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Black Holes Are Up Next For NASA's Explorers Program Missions

First Posted: Jan 06, 2017 03:40 AM EST

NASA is continually developing its cutting-edge space exploration probes with its Explorers Program missions. Its latest addition, the Imaging X-ray Polarimetry Explorer (IXPE) is set to dig deeper into the unknown activities of black holes and neutron stars -- some of the most complex astronomical objects in the vast universe to observe.

Astronomy.com reported that scientists at NASA are planning to dive into black holes and neutron stars to study their measurements, properties and behaviors. While it has been difficult for space experts to observe the activities of these stellar remnants, these mysterious objects radiate extreme heat that could reach up to millions of degrees that can be detected through X-rays.

"We cannot directly image what's going on near objects like black holes and neutron stars, but studying the polarization of X-rays emitted from their surrounding environments reveals the physics of these enigmatic objects," said Paul Hertz, NASA's astrophysics division director for the Science Mission Directorate in Washington in NASA's statement.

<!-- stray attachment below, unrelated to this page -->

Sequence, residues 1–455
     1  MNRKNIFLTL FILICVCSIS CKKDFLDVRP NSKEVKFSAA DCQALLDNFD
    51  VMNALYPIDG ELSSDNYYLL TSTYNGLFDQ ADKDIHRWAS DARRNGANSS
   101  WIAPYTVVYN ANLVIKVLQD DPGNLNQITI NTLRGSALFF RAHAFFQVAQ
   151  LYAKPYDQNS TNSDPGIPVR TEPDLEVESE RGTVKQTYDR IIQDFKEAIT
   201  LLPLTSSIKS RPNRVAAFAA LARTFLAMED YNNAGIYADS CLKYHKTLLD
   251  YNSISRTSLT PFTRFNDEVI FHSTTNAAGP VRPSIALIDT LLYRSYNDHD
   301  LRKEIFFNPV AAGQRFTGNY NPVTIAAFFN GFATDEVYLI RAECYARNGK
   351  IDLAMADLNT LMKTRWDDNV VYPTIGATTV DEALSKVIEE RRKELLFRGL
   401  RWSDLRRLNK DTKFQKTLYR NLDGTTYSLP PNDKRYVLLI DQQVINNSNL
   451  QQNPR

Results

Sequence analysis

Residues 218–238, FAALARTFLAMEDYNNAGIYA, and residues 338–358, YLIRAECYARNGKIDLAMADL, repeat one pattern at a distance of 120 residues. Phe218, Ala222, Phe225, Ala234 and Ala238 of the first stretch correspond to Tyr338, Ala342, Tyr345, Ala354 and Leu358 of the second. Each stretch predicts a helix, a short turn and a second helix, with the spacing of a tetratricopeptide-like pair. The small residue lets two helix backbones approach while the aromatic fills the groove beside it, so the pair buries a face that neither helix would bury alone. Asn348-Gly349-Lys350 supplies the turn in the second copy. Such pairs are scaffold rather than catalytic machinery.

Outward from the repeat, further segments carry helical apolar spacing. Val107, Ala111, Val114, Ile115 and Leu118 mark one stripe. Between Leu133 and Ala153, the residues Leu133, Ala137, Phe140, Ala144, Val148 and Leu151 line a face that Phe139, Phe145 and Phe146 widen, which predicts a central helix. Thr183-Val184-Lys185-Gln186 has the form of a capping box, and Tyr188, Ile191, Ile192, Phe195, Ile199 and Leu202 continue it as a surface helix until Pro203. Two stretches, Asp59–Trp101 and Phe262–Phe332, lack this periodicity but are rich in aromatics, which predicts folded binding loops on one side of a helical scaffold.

Polarizations could be used as guides to the direction where the electromagnetic waves are heading. With the use of IXPE's three space telescopes, the team led by Principal Investigator Martin Weisskopf at NASA's Marshall Space Flight Center could be able to measure the polarization of X-rays that come from the location where the neutron stars and black holes are situated.

The IXPE will be launched in 2020 with an estimated cost of $188 million. This project is one of NASA's space-borne missions, which include the Swift Gamma Ray Burst Explorer (Swift) and the Widefield Infrared Survey Explorer (WISE).

"NASA has a great history of launching observatories in the Astrophysics Explorers Program with new and unique observational capabilities," Hertz added. "IXPE will open a new window on the universe for astronomers to peer through. Today, we can only guess what we will find."

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